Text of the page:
Transformation of Anaplasma marginale

Roderick F. Felsheim, Adela S.Oliva Chávez, Guy H. Palmer, Liliana Crosby, Anthony F. Barbet, Timothy J Kurtti, Ulrike G Munderloh

Research output: Contribution to journalArticle

31 Citations (Scopus)

Abstract

The tick-borne pathogen, Anaplasma marginale, has a complex life cycle involving ruminants and ixodid ticks. It causes bovine anaplasmosis, a disease with significant economic impact on cattle farming worldwide. The obligate intracellular growth requirement of the bacteria poses a challenging obstacle to their genetic manipulation, a problem shared with other prokaryotes in the genera Anaplasma, Ehrlichia, and Rickettsia. Following our successful transformation of the human anaplasmosis agent, A. phagocytophilum, we produced plasmid constructs (a transposon bearing plasmid, pHimarAm-trTurboGFP-SS, and a transposase expression plasmid, pET28Am-trA7) designed to mediate random insertion of the TurboGFP and spectinomycin/streptomycin resistance genes by the Himar1 allele A7 into the A. marginale chromosome. In these trans constructs, expression of the fluorescent and the selectable markers on the transposon, and expression of the transposase are under control of the A. marginale tr promoter. Constructs were co-electroporated into A. marginale St. Maries purified from tick cell culture, and bacteria incubated for 2 months under selection with a combination of spectinomycin and streptomycin. At that time, ≤1% of tick cells contained colonies of brightly fluorescent Anaplasma, which eventually increased to infect about 80-90% of the cells. Cloning of the insertion site in E. coli and DNA sequence analyses demonstrated insertion of the entire plasmid pHimarAm-trTurboGFP-SS encoding the transposon in frame into the native tr region of A. marginale in an apparent single homologous crossover event not mediated by the transposase. Transformants are fastidious and require longer subculture intervals than wild type A. marginale. This result suggests that A. marginale, as well as possibly other species of Anaplasma and Ehrlichia, can be transformed using a strategy of homologous recombination.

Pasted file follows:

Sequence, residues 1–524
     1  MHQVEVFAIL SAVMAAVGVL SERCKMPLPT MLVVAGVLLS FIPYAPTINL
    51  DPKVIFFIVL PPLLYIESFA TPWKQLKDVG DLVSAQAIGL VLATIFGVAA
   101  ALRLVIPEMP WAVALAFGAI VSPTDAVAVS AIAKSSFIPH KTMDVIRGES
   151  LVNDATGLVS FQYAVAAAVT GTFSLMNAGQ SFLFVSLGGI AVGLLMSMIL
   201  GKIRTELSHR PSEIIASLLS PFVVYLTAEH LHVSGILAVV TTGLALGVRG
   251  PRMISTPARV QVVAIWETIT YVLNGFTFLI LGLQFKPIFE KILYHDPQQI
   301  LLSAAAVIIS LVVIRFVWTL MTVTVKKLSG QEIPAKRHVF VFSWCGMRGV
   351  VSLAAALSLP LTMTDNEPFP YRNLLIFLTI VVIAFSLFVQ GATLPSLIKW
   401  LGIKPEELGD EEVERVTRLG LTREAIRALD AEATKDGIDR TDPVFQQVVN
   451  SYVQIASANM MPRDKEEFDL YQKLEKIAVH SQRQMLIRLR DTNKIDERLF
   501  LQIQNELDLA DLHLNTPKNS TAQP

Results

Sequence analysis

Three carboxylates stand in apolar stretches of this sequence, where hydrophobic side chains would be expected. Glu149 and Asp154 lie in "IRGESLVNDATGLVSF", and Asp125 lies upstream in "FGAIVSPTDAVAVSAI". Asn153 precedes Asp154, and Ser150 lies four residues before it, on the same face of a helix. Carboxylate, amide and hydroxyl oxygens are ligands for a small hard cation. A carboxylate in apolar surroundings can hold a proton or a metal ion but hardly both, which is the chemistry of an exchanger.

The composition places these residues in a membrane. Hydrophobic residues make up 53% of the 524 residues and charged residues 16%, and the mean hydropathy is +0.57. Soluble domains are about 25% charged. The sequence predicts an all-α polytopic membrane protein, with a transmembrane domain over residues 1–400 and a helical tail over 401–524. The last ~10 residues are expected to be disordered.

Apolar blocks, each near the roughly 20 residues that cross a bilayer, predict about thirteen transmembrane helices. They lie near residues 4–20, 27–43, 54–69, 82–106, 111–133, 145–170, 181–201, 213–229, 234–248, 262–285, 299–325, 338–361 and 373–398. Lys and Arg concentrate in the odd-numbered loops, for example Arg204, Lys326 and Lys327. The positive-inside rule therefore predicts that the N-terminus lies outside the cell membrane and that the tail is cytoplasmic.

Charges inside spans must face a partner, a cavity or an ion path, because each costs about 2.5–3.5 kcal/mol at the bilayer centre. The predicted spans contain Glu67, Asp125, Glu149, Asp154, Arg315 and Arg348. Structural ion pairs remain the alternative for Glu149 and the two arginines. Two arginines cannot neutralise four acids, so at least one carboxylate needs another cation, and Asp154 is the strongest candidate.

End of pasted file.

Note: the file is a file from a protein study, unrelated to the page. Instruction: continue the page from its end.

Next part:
Original languageEnglish (US)
Pages (from-to)167-174
Number of pages8
JournalVeterinary Parasitology
Volume167
Issue number2-4
DOIs
StatePublished - Feb 10 2010

Fingerprint

Anaplasma marginale
Anaplasma
Ticks
Transposases
ticks
plasmids
Plasmids
Ehrlichia
Anaplasmosis
transposons
Spectinomycin
spectinomycin
Streptomycin
streptomycin
bovine anaplasmosis
Bacteria
Rickettsia
Anaplasma phagocytophilum
anaplasmosis
Homologous Recombination

Keywords

  • Anaplasma marginale
  • Bovine anaplasmosis
  • Genetic transformation
  • Himar transposase
  • Homologous recombination
  • Ticks

Cite this

Felsheim, R. F., Chávez, A. S. O., Palmer, G. H., Crosby, L., Barbet, A. F., Kurtti, T. J., & Munderloh, U. G. (2010). Transformation of Anaplasma marginale. Veterinary Parasitology, 167(2-4), 167-174. https://doi.org/10.1016/j.vetpar.2009.09.018

Transformation of Anaplasma marginale. / Felsheim, Roderick F.; Chávez, Adela S.Oliva; Palmer, Guy H.; Crosby, Liliana; Barbet, Anthony F.; Kurtti, Timothy J; Munderloh, Ulrike G.

In: Veterinary Parasitology, Vol. 167, No. 2-4, 10.02.2010, p. 167-174.

Research output: Contribution to journalArticle

Felsheim, RF, Chávez, ASO, Palmer, GH, Crosby, L, Barbet, AF, Kurtti, TJ & Munderloh, UG 2010, 'Transformation of Anaplasma marginale', Veterinary Parasitology, vol. 167, no. 2-4, pp. 167-174. https://doi.org/10.1016/j.vetpar.2009.09.018
Felsheim RF, Chávez ASO, Palmer GH, Crosby L, Barbet AF, Kurtti TJ et al. Transformation of Anaplasma marginale. Veterinary Parasitology. 2010 Feb 10;167(2-4):167-174. https://doi.org/10.1016/j.vetpar.2009.09.018